In this episode, I’ll be talking about clinical flow and what it means for your practice. I believe that every clinician should improve their capacity to operate in a flow state. In my view, the ability to operate in a place of clinical flow, maybe the most important aspect of developing as a clinician. And in this podcast, I’ll explain why.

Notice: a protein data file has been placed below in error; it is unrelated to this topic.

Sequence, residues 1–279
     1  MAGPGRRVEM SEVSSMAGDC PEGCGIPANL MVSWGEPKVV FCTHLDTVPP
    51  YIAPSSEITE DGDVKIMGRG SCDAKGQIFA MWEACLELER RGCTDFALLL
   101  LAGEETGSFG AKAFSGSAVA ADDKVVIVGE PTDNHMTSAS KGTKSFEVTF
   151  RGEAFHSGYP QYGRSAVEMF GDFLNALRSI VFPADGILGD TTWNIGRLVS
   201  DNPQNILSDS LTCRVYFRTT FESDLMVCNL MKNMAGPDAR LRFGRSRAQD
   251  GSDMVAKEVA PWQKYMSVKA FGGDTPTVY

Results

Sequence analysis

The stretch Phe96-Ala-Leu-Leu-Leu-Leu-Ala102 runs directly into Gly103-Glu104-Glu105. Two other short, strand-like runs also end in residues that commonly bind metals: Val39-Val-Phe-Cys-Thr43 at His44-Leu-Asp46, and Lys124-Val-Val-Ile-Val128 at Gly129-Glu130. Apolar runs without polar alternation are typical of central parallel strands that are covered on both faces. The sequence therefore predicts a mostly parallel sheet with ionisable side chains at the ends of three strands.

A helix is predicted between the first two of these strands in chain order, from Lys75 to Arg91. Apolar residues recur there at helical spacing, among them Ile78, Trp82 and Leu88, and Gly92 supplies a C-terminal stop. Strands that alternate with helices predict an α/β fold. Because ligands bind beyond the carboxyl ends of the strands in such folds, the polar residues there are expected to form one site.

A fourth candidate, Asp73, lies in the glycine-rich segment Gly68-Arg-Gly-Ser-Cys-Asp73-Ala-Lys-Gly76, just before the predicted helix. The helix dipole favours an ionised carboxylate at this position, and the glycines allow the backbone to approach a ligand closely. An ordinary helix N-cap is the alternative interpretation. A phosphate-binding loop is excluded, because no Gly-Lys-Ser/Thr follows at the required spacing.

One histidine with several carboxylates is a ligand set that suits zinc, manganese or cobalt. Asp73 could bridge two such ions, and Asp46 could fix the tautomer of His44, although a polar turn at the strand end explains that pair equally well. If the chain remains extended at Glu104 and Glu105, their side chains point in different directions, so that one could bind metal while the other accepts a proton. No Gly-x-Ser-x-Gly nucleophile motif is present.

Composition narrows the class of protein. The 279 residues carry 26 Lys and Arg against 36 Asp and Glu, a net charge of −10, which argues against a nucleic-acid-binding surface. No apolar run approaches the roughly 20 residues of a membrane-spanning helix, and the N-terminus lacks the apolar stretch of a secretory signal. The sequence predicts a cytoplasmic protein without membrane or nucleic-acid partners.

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Welcome to the unleash, your best clinical self podcast. I'm your host, Andrew Cobian. If you're a physiotherapist or other movement professional, who feels like you're stuck in a rut, then my podcast is for you. This podcast is focused on helping you move from frustration to flow in your clinical practice. In each episode, I'll share strategies, approaches, and my latest thinking. On how to improve your clinical performance and keep loving what you do. This is episode number 69. And in this episode, I'll be talking about clinical flow and what it means for your practice. I also wanted to let you know that I have a newsletter where each month I dive into topics relating to improving your clinical performance, head over to 360 clinician.com to sign up today. Before we get into today's episode, I'd like to take a moment to introduce our sponsor, Jane. Jane is an all-in-one practice management software with features like online booking. Scheduling medical charting and a PCI compliant payment solution. The time you spend with your patients and clients is valuable and filling out forms during their appointment can quickly take away from your time together. That's why the team at Jane has designed online intake forms that your patients can complete from the comfort of their homes. And to help them remember to fill out their forms. Jane has your back with a friendly email reminder sent 24 hours before their appointment. This means they arrive ready to start their appointment and you can arrive, ready to help. Jane's online intake forms are fully customizable to ensure you're collecting everything you need ahead of time. Whether that's a credit card on file insurance, billing details, or assigned consent. You can build your intake forms from scratch or use a template from Jane's template library, and customize it further to meet your practice needs. If you're interested in learning more head over to jane.app forward slash guide, or use the code 360 1 M O at signup to receive a one month grace period on your new account. All right. Let's get started with today's show. Clinical flow. It's a topic infused in everything that I've written about at 360 clinician. And sometimes it can feel a little fuzzy as to what it means. And that's what I want to talk about today is this concept of clinical flow. I believe that every clinician should improve their capacity to operate in a flow state. In my view, the ability to operate in a place of clinical flow, maybe the most important aspect of developing as a clinician. And in this podcast, I'll explain why. So what does flow actually mean? Being in flow is a concept first articulated by psychologist, Maha chicks. Hi. It's where a person is highly engaged and focused while doing an activity. Can be associated with activities. In sports or artistic endeavors. And it can also incur in different work settings. And I think we can also experience it in clinical work as well. at first glance, the concept of flow seems almost unattainable in a clinical setting or at least. Unsustainable. The constant demands of a clinical day, moving from patient to patient can make the concept of flow. Almost seem laughable. Maybe it even feels a little bit nebulous or maybe a bit hokey. Anyone since it feels unrealistic or unattainable, we tell ourselves that flow really doesn't matter. We shift our focus to skill acquisition. We focus on hard skills that feel more tangible and measurable. And at nearly every turn in our career, the pursuit of hard skills can seem to be the only thing that matters to getting better clinical results and improving our professional journey. So why am I focusing on pursuing flow when it seems that hard skills are all that matter? 'cause I think that focusing our attention on flow and the necessary ingredients needed for moving into a place of flow. Sets us up as clinicians for a lifetime of highly engaged work that enables us to consistently experience meaning and joy. And when we experienced deep meaning enjoying our work, there's really nothing that can stop us from fully realizing our unique potential as healers with the people we serve. And I believe that flow and more specifically clinical flow is what we need to draw our attention to. If we're serious about professional growth and enjoyment. So let's take a moment to define clinical flow. And I believe that the concept of flow needs to be refined within a clinical setting, as we need to acknowledge that there are some inherent constraints such as limited time that exists within a clinical context. Typically within the definition of flow, there's this loss of time. time sort of stands still. We really can't operate in that place within a clinical setting. And so I think there are some, considerations that we need to take when we think of flow within a clinical setting. I define clinical flow as a state of persistent psychological engagement. Really an energized focus that is embodied with the values of curiosity. Collaboration, creativity and courage. It's where our attention can be leveraged to be fully present in our patient interactions. In delivering high quality care within the bounds of our knowledge, skills, and abilities. And I believe it is in this place that we experienced meaning and joy in our work. It's a place where our ego protective defenses are held at bay so that we are fully engaged in the patient interaction. It's in the place where we operate best as healers. And I don't think that this experience is something that is fleeting or haphazard. I think it's actually something that can be sustained by having the right work environment, an optimized state of self in terms of who we are, what's going on inside of us and flexible learning processes that support our growth and development. And I believe that there are really four pillars, four key values, four elements, whatever we want to call that are foundational to the clinical flow state. And they are courage, curiosity, collaboration, and creativity. So let's talk first about the foundation, which I believe is courage. Now. It seems that courage, maybe isn't something that's necessary for clinical flow, but the more that I've reflected and written on this topic. I've realized that courage is needed to advance all the other elements of clinical flow. We need courage within ourselves when we're feeling discomfort. Because of an interaction that went off or we're feeling overwhelmed and we need to explore what's going on inside of us, but we also need courage with our patients in terms of being able to have meaningful conversations and be able to. Interact and navigate things that can be challenging. The next element needed to support a flow state is curiosity. And after courage, I think that curiosity really is that next level of the foundation. Why? Because curiosity fosters engaged openness. It helps us to move beyond our perceptual. Blinders. It helps us to explore beyond what our current understanding is. It fuels our own growth and development as well. It helps us to actually really interact with our patients in a deeper way. And really helps to understand the why of what's going on. Collaboration is at the core of the patient therapist relationship. It's really an open-handed interaction that focuses on working together. And I believe that collaboration has an understanding of humility. It's not this top-down power hierarchy. But instead it's one of joint decision-making and journey making. It really is such an key element. And, and you know, that you're in a place of flow when there's a very strong, collaborative interaction taking place. Finally, we have creativity. Now, when we're dealing with complex problems and situations. When we're dealing with challenging patient situations, we need to be creative. The exercise that we gave for another person may not work for this individual that's in front of us at the moment, and we need to be able to be creative and come up with something that's going to work for that patient. And I think that creativity allows us to be more agile clinically. and it helps us to bring novel solutions to complex situations. So, how does this focus on clinical flow actually helping you to be a better clinician? When we are consistently entering a place of clinical flow with our patient interactions. We're going to be in the best position to maximize our skills, our thinking personality experience. For those unique patient interactions. And then what that does is it creates an opportunity to bring our best selves forward in those interactions and really deliver the best clinical experience. Which is going to end up resulting in enjoying your work more and actually getting better patient results. So this week, think about your clinical experiences. Do you find yourself engaged in your work? Are you energized with your patient interactions? Do you find yourself being curious about the patients you see. Do you find yourself collaborating with your patients and exploring creative solutions to complex situations? Are you finding the courage to explore and reflect on your own emotional reactions that come up over the course of the week? These are all great questions to think and stew about a little bit, as you go through your day and as you reflect on, your workweek, and if you've been focused on only development of hard skills, then think about whether you could begin exploring ways to develop and improve your ability to operate more consistently in a place of flow. A great starting point is checking out articles that I've written at 360, clinician.com. Where I write about topics relating to and impacting clinical flow. Thank you for hanging out with me today and hearing about how to improve your clinical performance. Make sure to subscribe on iTunes or Spotify to stay up to date on future episodes. And if you enjoyed this podcast, I truly appreciate. You're leaving a five-star review on iTunes. Here's to less frustration, more flow and better clinical results till next time.